Home

Arts and Gardens

News archive for Arts and Gardens

On a wall in the backyard of Sofie Lindstrøm's building in Rosenberggaten, street artist ARGUS has represented the financial elite.
He calls himself Argus and is one of our finest street artists. Now he has let Death onto the university campus.
The Aesthetic Committee has commissioned Marit Victoria Wulff Andreassen (1971) to embellish the cafeteria at the Faculty of Psychology.
Four artists have been involved in creating the new Odontology Building: Anna S. Gudmundsdottir, Hanne Heuch, Marte Johnslien and Ida Falck Øien. They have painted pictures on concrete walls, and adorned glass walls in the waiting areas. Sculptures in the entrance area bid visitors welcome. The staff has even been given new work attire.
Det nyttige Selskab (lit. "The Serviceable Society") was founded in 1774. Over the years, the Society has given a number of gifts to the University of Bergen. In March 2012, six new benches were unveiled in the square outside the HF building.
On January 12th a new art project was unveiled in the lobby of the HF building. The key word is "fragmented." Humanities researchers work with fragments of various kinds: texts, artifacts and linguistic phenomena. These fragments get new life and a new history through scientific concepts and methods. They become a part of life in our own time.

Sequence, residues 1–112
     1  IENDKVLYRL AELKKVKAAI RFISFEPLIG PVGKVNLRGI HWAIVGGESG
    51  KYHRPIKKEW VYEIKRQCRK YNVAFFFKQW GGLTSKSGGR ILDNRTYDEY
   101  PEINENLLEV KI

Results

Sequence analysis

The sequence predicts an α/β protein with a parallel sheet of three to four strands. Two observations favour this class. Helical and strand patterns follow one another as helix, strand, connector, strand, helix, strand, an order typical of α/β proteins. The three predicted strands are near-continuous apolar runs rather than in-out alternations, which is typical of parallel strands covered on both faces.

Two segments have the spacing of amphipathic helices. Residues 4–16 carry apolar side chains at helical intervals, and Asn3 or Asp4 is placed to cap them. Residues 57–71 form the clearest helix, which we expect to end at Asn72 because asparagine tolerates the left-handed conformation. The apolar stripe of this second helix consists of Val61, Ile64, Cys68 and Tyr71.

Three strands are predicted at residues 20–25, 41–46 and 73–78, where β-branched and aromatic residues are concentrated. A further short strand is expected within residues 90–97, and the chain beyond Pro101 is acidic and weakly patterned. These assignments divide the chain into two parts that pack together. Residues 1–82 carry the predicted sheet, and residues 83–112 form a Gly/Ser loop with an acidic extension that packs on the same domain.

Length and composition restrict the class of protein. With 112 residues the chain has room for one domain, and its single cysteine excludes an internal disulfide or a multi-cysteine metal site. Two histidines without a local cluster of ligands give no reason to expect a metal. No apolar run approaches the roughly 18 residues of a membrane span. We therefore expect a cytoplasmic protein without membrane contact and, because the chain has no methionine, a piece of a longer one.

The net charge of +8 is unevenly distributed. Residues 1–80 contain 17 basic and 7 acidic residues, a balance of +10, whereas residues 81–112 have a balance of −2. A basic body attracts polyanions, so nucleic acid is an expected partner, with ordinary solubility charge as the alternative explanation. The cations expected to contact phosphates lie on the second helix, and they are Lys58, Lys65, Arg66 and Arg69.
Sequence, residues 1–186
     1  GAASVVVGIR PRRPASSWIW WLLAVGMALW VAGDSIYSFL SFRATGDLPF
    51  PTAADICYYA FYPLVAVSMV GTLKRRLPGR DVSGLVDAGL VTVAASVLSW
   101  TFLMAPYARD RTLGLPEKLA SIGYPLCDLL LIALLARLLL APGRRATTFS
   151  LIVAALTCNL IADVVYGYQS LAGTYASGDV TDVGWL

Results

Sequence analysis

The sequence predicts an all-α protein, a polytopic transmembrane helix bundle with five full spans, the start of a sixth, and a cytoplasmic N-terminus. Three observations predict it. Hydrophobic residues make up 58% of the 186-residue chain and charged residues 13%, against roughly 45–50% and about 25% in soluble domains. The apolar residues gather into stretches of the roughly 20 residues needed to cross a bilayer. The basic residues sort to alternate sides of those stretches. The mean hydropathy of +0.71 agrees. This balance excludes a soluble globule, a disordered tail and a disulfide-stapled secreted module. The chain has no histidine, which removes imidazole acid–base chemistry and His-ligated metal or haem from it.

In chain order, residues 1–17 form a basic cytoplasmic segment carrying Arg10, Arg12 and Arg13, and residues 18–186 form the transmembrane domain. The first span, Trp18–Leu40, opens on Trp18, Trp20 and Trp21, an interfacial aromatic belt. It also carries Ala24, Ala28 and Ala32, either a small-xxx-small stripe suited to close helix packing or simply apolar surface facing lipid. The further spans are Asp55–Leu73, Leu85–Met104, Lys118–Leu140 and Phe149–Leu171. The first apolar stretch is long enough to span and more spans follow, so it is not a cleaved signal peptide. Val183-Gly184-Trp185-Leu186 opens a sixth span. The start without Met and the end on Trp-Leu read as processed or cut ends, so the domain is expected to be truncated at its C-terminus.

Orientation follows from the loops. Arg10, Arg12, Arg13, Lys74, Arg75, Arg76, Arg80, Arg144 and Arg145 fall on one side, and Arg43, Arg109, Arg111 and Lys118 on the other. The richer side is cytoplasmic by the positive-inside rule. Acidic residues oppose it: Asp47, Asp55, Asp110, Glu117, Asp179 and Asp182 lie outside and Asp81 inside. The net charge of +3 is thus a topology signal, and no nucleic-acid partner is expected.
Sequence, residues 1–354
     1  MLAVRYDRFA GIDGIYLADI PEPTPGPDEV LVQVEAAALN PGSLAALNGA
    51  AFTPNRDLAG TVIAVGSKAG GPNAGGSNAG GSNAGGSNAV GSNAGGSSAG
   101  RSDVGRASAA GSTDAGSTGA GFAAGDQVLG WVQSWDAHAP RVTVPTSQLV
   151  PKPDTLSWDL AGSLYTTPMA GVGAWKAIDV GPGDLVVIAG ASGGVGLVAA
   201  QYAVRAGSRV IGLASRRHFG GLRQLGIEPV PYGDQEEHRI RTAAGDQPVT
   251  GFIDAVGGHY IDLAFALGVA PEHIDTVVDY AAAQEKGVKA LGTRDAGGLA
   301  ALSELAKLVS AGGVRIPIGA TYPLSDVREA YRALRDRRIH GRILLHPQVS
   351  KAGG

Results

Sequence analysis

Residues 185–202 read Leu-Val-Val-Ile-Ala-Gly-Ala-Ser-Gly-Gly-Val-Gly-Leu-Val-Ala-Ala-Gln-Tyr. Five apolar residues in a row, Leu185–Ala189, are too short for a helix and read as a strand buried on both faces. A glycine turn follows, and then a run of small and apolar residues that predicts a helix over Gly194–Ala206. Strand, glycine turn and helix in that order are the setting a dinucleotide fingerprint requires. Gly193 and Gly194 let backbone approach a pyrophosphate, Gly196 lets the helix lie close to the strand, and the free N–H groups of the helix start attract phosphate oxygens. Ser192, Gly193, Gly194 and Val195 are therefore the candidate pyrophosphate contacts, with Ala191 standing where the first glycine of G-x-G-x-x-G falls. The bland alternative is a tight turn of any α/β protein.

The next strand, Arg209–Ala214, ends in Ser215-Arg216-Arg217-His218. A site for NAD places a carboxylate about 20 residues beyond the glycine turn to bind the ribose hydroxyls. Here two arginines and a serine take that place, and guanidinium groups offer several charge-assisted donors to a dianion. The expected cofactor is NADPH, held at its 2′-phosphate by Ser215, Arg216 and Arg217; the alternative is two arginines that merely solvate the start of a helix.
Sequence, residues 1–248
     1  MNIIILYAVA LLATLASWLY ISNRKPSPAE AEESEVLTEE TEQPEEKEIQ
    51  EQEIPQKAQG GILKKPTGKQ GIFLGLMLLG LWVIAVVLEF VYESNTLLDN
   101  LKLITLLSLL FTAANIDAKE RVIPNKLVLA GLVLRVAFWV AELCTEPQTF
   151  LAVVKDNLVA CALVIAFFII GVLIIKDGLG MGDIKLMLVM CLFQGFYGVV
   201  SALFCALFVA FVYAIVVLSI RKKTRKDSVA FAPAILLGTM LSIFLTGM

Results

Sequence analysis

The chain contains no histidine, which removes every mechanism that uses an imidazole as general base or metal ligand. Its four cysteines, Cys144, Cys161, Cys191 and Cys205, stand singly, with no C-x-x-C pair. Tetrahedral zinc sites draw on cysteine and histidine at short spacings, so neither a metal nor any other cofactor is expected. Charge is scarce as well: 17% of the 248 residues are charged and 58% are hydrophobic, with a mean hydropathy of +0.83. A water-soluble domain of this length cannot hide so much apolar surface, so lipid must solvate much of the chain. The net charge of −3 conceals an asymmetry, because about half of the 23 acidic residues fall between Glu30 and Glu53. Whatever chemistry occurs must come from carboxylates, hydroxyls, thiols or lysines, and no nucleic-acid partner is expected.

The HF building has a new artwork, created by Toril Johannessen. The work addresses the concept of time and its cultural history through an element that differs from conventional time measurement: a metric clock. The clock is installed in the outdoor atrium, and nine graphic prints that in various ways discuss matters of time and history are located in the vestibule. We ask the artist about the... Read more
The new artwork in the HF building consists of a ten-hour clock and nine graphic prints, which in different ways address the phenomenon of "time".
The owl sitting on the seven mountains is the emblem of the UoB, and an important part of the university's identity. Traditionally, the owl is a sign of wisdom, often associated with the Greek goddess Athena. In Rachel E. Huglen’s new frieze at the Sydneshaugen School, the noble bird has been given a fresher, more childlike design.